Sunday, 17 December 2017

THE LEIGH SPENCE MOMENT: BOJACK HORSEMAN


53. “Mr Peanutbutter’s so stupid he doesn’t realise how miserable he should be. I envy that.”



17/12/2017




It has been over a week now since I saw what is, for me, one of the defining moments of television I have seen this year – the fact it was first shown last year means I should have come across it earlier.

It involved a character whose self-worth had dropped to zero – he was told, by his friends, on many occasions, that his own destructive behaviour, which has led him to lead a lonely life, cannot be blamed on others, for it is just who he is. Now, with this behaviour leading to the death of a friend, he drives to the desert, in order to kill himself. He puts his foot down on the accelerator pedal, and lays back in his seat. Something stops him – putting on the brakes, he gets out of his car, and looks across the desert to see a pack of wild horses, running to... who knows. For the first time in a very long time, the character has hope in his eyes. All the while, the music playing has been Nina Simone’s live cover of Janis Ian’s song “Stars” – “We always / We always / We always have a story.” As the credits begin, Simone’s final piano crescendo dies down – “The latest story that I know is the one that I’m supposed to go out with / And the latest story that I know is the one that I’m supposed to go out with / And the latest story that I know is the one that I’m supposed to go out with…” The record ends, the credits end, the episode ends.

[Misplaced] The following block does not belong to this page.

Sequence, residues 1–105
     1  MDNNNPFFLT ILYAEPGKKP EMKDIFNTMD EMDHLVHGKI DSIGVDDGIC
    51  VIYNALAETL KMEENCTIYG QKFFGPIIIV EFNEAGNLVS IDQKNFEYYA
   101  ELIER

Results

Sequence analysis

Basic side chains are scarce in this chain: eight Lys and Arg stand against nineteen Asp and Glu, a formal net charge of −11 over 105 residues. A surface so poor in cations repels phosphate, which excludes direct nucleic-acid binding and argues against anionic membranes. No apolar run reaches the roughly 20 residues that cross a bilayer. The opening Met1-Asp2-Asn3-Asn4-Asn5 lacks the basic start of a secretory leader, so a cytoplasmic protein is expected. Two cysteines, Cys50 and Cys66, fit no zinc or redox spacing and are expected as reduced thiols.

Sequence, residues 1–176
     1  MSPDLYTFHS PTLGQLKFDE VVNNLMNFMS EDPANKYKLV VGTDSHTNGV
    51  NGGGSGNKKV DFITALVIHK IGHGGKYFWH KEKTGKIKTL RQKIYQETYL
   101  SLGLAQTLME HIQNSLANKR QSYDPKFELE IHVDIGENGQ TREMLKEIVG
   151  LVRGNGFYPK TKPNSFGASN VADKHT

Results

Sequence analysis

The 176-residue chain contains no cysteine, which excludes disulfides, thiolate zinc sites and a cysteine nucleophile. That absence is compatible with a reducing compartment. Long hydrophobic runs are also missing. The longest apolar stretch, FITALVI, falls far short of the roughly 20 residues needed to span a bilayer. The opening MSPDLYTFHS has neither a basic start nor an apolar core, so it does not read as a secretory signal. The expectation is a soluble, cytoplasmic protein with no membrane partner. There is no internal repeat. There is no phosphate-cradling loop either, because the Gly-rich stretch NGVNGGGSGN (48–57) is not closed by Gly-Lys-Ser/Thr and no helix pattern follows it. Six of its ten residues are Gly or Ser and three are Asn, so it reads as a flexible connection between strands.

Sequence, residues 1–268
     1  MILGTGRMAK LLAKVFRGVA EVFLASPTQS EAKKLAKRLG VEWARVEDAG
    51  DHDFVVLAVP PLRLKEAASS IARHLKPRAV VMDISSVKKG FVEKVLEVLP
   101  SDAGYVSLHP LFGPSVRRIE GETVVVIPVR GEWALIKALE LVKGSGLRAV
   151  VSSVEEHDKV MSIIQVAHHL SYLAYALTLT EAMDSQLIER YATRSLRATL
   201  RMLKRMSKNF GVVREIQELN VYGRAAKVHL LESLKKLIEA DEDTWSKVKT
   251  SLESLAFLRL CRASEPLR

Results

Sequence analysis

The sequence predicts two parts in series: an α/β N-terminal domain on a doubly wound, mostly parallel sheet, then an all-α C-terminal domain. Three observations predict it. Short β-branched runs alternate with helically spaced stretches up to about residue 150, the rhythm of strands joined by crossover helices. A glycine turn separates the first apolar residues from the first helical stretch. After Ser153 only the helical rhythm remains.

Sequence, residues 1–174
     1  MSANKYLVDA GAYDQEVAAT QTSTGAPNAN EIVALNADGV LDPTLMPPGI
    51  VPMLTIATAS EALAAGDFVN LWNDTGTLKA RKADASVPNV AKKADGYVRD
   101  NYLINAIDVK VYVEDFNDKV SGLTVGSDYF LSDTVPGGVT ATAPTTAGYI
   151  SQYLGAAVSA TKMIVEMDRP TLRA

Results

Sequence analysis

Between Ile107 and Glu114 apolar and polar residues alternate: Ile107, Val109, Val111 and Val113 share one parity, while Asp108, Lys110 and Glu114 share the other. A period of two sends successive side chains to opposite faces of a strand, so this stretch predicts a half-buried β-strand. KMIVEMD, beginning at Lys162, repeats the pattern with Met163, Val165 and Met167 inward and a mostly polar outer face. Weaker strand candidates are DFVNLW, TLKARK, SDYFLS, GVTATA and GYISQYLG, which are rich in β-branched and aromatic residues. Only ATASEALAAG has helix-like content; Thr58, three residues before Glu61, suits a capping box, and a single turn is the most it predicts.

I was devastated – I am still trying to find a copy of Nina Simone’s 1976 Live at Montreux album. For all the decades “The Simpsons” proved that animated TV shows can have emotional plots and situations, it is “BoJack Horseman” that, in unrestricted space afforded it by streaming on Netflix, transcended the sitcom altogether, into comic drama. “BoJack Horseman” was a show that initially received questionable reviews, as it was not clear why we should follow a has-been former sitcom actor who hates himself, but treating character development like a drama, while continuing to treat the comedy like a sitcom, is something that makes the regular sitcom format stale. Not resetting the status quo at the end of every episode helps too, especially when you turn to the binge viewing that Netflix encourages. (Having said that, this paragraph took four hours to write, because research turned to enjoyment - just go watch the show.)

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